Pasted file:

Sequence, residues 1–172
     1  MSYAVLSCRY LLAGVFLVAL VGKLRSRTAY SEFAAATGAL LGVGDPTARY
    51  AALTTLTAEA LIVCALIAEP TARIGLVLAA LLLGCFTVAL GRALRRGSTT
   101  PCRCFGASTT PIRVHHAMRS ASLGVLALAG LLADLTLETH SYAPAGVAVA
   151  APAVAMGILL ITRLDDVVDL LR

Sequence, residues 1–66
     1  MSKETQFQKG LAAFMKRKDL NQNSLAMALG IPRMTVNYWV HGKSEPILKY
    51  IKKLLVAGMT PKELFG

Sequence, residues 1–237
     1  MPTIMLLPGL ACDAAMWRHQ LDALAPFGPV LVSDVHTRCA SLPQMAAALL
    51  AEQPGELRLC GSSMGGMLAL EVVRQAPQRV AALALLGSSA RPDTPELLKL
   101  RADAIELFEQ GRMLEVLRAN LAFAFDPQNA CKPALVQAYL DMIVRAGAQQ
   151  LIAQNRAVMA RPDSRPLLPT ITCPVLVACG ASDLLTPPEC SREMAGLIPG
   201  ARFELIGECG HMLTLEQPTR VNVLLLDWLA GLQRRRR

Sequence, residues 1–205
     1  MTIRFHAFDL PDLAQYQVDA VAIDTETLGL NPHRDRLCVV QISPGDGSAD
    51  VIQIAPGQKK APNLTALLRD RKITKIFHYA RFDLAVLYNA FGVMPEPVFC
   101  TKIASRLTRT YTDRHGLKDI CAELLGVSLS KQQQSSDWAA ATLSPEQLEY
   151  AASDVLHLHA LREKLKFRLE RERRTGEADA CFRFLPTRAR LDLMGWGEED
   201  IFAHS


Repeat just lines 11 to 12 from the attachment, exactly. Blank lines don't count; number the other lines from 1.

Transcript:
    51  AEQPGELRLC GSSMGGMLAL EVVRQAPQRV AALALLGSSA RPDTPELLKL
   101  RADAIELFEQ GRMLEVLRAN LAFAFDPQNA CKPALVQAYL DMIVRAGAQQ